How KALYX Swam with "Shark Tank" (Without Its E-Commerce Site Being Eaten Alive)

Tales in the e-commerce world of web sites failing due to traffic spikes are all too prevalent.
Sports bra etail startup KALYX says it hurdled that barrier after its brand was highlighted prominently on national television recently. (The company sells activity-specific sports bras using "K-Force Eco-Loving Fabric,"
a lightweight technical fabric designed to offer stretch, durability, softness and wicking).
Kimberly Cayce, founder and CEO of KALYX recently appeared on "Shark Tank," the ABC prime-time program where new companies compete to win much needed venture capital.
While Cayce lost out at that ultimate prize of more funding, the opportunity to appear exposed her brand and website,, to millions of viewers - and also offered the potential of providing a huge boost in sales - if her web site was up to the task.
With limited time and money, according to Cayce, she says she successfully brought her web site up to speed to swim with the sharks.
Just prior to the show, Cayce, a former pro golfer, upgraded the KALYX site using a solution from Volusion, one that offers built-in shopping cart capabilities and whose back-end infrastructure is designed so the site can be managed by KALYX's non-technical employees.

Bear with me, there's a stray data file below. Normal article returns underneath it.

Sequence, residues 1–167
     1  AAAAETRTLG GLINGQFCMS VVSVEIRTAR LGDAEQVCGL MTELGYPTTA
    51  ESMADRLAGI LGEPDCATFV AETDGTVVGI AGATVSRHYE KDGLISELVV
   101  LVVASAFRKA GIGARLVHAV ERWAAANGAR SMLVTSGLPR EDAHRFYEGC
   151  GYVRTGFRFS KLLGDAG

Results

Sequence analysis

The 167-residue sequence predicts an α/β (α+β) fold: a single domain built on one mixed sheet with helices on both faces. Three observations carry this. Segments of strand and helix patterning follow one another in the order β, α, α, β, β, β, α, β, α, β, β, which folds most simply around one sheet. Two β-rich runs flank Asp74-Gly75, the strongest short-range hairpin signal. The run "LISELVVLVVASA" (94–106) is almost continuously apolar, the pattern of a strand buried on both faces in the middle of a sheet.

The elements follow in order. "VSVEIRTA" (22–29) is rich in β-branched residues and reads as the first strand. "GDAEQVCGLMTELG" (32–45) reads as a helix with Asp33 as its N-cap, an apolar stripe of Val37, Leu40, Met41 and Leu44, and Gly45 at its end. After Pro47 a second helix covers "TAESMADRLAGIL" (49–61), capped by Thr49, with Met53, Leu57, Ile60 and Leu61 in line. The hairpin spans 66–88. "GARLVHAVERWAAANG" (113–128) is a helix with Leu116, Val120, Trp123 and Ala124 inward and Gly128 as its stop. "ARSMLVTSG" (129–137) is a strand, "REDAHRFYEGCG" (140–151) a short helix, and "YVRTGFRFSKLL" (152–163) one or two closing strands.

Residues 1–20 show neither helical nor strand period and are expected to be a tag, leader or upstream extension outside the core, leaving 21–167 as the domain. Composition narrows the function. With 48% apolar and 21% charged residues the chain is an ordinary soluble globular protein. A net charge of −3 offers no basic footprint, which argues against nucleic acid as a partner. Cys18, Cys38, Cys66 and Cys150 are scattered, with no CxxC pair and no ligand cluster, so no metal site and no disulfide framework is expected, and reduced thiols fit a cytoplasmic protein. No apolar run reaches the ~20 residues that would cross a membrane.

The new e-commerce site successfully proved it had enough server capacity to withstand the flood of first-time visitors.
The revamped KALYX site went live the day of "Shark Tank" and that day handled more than 6,000 visitors and $4,000 in orders without any errors, downtime or technical difficulties.
The previous KALYX website was built as a placeholder, using basic template designs from another provider during the company's initial start-up phase. According to Cayce, the solution was too elementary and "didn't adequately portray KALYX as a real player in the competitive athletic apparel market."
KALYX reports Volusion's built-in search engine optimization capabilities have helped its website move to the first page on many Google searches. The company also saved thousands of dollars in web design costs, she said.
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